“What are we going to call fan fiction now,” a fellow Batman reader asked me when talking about the current run? He was referring to numerous things, but mainly he was talking about how the current run of Batman references previous pieces of mythology (Year One, The Killing Joke, etc.) but is not bound or really defined by them. His question is also related to the New 52 reset and the confusion of what pieces of Batman lore still stand and which have faded from the pages of legacy. It’s seemingly shortsighted, reflecting on continuity obsession that endears and hinders comics, but it reminded me of something Snyder said to me a year ago.

“It’s almost fan fiction,” he said referring to his then current story “Court of Owls.” But, if we haven’t figured it out by now, Snyder is a fan too and he’s interested in writing things that matter to him personally.

Many of the writers currently writing our major superheroes are fans of the characters. They’re not the original creators of the character, so what’s the difference between fan fiction and what is being published today? Sophistication? Editorial endorsement and inclusion in canon? A paycheck?

“The writers write it [fan fiction] and put it up online just for the satisfaction,” writes Lev Grossman for TIME. “They're fans, but they're not silent, couch-bound consumers of media. The culture talks to them, and they talk back to the culture in its own language.”

In those terms, in terms of the culture talking to them and they responding in its language, “Death of the Family” and Snyder’s Joker is not “almost” fan fiction, it is fan fiction and that’s something he should be proud of. While I have been wary about the amount of horror that has been injected into Batman, and concerned the Joker hasn’t to this point been very funny, and that each and every issue hasn’t been an ideal portrayal, I will always be appreciative knowing a fan is writing this cornerstone of comics.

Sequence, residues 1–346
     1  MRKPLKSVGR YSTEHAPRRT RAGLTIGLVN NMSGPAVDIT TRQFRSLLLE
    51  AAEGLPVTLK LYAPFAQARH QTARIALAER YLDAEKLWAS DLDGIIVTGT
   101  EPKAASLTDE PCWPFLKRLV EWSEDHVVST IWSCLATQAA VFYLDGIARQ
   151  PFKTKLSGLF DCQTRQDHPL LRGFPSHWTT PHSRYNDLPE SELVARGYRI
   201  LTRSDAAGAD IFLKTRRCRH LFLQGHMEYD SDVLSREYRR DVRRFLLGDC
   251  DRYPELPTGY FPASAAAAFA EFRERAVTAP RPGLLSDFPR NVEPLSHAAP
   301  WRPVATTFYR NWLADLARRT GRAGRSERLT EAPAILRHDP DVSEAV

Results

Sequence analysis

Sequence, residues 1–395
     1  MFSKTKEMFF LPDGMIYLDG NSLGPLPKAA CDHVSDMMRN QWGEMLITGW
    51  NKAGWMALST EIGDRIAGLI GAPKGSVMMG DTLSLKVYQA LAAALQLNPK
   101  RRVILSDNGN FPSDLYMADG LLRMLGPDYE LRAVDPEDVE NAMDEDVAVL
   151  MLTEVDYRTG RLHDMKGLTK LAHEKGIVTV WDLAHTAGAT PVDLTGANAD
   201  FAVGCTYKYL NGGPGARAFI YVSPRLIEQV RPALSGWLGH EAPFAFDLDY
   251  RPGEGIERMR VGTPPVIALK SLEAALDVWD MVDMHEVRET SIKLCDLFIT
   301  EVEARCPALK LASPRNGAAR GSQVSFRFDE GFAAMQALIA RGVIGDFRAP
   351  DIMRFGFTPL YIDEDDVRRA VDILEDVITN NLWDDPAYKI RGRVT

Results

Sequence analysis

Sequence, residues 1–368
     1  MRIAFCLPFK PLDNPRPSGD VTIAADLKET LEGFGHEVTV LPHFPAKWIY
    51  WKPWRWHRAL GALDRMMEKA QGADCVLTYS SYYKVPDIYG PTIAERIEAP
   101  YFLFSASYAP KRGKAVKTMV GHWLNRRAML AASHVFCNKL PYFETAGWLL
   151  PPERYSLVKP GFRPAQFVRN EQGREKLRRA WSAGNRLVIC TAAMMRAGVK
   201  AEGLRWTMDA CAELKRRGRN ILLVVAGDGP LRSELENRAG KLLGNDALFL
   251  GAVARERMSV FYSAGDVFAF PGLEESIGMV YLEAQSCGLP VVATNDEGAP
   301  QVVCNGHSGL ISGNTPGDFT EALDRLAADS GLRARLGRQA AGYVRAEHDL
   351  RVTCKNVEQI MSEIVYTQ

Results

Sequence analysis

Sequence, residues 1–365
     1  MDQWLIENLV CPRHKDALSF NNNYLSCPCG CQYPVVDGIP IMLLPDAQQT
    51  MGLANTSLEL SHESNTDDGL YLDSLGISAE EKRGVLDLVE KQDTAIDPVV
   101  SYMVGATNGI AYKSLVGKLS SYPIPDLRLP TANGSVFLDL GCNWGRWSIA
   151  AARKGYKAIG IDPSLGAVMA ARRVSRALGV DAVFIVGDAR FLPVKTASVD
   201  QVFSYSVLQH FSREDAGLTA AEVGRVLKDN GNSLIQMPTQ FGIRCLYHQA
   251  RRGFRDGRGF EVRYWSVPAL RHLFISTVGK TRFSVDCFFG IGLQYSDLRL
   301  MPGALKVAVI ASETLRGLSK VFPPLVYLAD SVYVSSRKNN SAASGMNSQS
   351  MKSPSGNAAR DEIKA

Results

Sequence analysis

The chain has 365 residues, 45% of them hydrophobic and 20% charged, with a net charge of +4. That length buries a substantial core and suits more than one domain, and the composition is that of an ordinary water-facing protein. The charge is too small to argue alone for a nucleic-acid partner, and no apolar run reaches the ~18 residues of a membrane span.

The year in song reflected the state of the world around us. Here are the 70 songs that spoke to us this year.

70. The Horrors - "Machine"

On their fifth album V, the Horrors expand on the bright, psychedelic territory they explored with Luminous, anchoring the ten new tracks with retro synths and guitar fuzz freakouts. "Machine" is the delicious outlier and the most vitriolic cut on the record, with Faris Badwan belting out accusations to the song's subject, who may even be us. The concept of alienation is nothing new, but here the Brits incorporate a beautiful metaphor of an insect trapped in amber as an illustration of the human caught within modernity. Whether our trappings are technological, psychological, or something else entirely makes the statement all the more chilling. - Tristan Kneschke

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The Best Dance Tracks of 2017

Photo: Murielle Victorine Scherre (Courtesy of Big Beat Press)

From the "shamanic techno" of Parisian duo Pouvoir Magique to Stockholm Noir's brilliant string of darkly foreboding, electro-licked singles, here are ten selections that represent some of the more intriguing dance offerings of 2017.

In June of 2016, prolific producer Diplo lambasted the world of DJ's in an interview with Billboard, stating that EDM was dying. Coincidentally enough, the article's contents went viral and made their way into Vice Media's electronic music and culture channel Thump, which closed its doors after four years this summer amid company-wide layoffs. Months earlier, electronic music giant SFX Entertainment filed bankruptcy and reemerged as Lifestyle, Inc., shunning the term "EDM".